The company has already had talks with battery producers, including Samsung, LG, and SK Group, likely in order to secure a stable supply of EV battery as the space heats up with virtually every carmaker of any significance either already marketing EVs or planning to do so over the medium term.
The South Korean carmaker already has a solid track record in EV sales: last year, Hyundai sold more than 86,000 EVs, which was more than Volkswagen sold but less than what Tesla sold. And it seems Tesla is the competitor that Hyundai has set its sights on, especially now that Tesla sales in South Korea overtook those of Hyundai’s own EV, the Kona.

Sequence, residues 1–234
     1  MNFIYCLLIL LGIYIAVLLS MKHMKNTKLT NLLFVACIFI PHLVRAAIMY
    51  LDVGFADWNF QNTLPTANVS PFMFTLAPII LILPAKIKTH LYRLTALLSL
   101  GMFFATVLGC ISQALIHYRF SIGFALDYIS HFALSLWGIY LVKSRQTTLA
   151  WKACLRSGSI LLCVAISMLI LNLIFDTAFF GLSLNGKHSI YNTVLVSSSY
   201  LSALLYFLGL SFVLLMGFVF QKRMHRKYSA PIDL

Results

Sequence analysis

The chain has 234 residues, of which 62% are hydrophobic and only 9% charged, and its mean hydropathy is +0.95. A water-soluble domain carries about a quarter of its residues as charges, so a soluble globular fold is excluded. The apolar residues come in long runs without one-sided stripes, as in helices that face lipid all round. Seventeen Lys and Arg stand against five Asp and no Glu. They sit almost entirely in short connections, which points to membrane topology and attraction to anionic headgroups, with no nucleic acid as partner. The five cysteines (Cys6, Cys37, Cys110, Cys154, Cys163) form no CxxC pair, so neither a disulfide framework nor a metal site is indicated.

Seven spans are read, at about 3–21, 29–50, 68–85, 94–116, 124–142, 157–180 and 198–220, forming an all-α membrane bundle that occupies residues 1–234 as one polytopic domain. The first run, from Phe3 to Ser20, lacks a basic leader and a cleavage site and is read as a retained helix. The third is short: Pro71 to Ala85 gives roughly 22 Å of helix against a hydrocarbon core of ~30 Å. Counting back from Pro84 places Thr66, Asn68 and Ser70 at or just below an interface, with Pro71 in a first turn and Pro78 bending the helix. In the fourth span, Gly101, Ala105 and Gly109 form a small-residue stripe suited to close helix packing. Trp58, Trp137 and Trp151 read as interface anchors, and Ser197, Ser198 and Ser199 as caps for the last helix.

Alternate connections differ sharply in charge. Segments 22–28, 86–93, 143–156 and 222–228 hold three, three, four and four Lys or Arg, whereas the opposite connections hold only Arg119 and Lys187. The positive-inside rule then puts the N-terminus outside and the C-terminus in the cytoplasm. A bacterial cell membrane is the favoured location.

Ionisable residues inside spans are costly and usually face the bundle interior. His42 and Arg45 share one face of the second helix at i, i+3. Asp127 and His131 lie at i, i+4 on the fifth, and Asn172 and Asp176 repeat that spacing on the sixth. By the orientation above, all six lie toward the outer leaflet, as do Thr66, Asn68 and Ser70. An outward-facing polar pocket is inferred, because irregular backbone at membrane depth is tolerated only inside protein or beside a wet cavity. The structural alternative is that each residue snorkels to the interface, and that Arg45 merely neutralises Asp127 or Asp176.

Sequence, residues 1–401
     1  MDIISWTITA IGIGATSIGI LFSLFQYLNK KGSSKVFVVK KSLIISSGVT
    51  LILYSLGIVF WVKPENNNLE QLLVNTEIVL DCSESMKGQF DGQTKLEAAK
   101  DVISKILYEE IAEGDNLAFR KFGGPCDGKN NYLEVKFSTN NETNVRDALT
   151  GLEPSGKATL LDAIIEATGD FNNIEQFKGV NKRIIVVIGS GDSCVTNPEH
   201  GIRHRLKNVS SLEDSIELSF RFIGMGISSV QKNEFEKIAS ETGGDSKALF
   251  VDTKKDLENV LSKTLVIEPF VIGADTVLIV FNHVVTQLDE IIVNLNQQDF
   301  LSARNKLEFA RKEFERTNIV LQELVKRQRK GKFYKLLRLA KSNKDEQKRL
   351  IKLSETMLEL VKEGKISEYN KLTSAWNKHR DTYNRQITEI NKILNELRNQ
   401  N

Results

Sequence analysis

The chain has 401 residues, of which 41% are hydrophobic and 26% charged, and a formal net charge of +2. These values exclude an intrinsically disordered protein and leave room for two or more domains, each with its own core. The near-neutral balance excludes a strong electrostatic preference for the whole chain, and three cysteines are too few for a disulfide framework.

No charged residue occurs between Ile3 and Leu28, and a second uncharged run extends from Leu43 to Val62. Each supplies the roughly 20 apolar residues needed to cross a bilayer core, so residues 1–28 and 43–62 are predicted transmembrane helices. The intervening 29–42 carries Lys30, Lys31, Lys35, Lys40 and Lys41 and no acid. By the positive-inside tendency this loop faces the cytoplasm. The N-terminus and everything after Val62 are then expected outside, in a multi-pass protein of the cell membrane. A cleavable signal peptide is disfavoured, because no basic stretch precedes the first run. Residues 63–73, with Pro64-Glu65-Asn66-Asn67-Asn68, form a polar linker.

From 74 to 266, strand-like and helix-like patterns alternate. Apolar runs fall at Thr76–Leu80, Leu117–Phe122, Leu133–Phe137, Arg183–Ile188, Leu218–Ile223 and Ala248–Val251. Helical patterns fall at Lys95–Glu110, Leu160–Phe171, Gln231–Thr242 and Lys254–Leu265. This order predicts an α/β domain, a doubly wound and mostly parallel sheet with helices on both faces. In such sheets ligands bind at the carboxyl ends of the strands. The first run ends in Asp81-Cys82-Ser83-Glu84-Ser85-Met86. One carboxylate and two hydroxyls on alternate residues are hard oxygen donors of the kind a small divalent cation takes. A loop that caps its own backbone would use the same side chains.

The South Korean carmaker has so far been more focused on hydrogen cars—one of few carmaking companies to invest heavily in the technology, which has lagged far behind EVs.
Reuters reports, citing an insider, that Hyundai had not paid Tesla much attention while it only manufactured luxury cars. Now that the company launched the Model 3 and its sales helped it report its first-ever annual profit, things have changed for Hyundai, which is the world’s fifth-largest car manufacturing company.
Last year, EV sales tolled 2.2 million, but this year they could plunge by as much as 43 percent, according to Wood Mackenzie. That’s because of the travel restrictions in response to the coronavirus pandemic and a global economic slump that will likely dampen consumers’ appetite for big buys such as cars. The sales slump will not be limited to the EV space, however, and once economies begin to rebound, analysts believe so will interest in EVs.